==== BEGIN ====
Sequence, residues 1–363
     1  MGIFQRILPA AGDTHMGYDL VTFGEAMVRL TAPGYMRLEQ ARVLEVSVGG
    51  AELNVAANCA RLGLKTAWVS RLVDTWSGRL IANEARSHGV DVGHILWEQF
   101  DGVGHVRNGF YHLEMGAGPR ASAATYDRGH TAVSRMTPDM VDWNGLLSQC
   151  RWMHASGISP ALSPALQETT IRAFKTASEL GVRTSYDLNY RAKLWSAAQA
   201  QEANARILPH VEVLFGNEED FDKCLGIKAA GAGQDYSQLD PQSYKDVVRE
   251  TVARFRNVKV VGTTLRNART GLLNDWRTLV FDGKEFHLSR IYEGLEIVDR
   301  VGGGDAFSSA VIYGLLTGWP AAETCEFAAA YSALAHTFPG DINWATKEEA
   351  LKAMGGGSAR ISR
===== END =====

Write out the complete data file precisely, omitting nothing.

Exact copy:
Sequence, residues 1–363
     1  MGIFQRILPA AGDTHMGYDL VTFGEAMVRL TAPGYMRLEQ ARVLEVSVGG
    51  AELNVAANCA RLGLKTAWVS RLVDTWSGRL IANEARSHGV DVGHILWEQF
   101  DGVGHVRNGF YHLEMGAGPR ASAATYDRGH TAVSRMTPDM VDWNGLLSQC
   151  RWMHASGISP ALSPALQETT IRAFKTASEL GVRTSYDLNY RAKLWSAAQA
   201  QEANARILPH VEVLFGNEED FDKCLGIKAA GAGQDYSQLD PQSYKDVVRE
   251  TVARFRNVKV VGTTLRNART GLLNDWRTLV FDGKEFHLSR IYEGLEIVDR
   301  VGGGDAFSSA VIYGLLTGWP AAETCEFAAA YSALAHTFPG DINWATKEEA
   351  LKAMGGGSAR ISR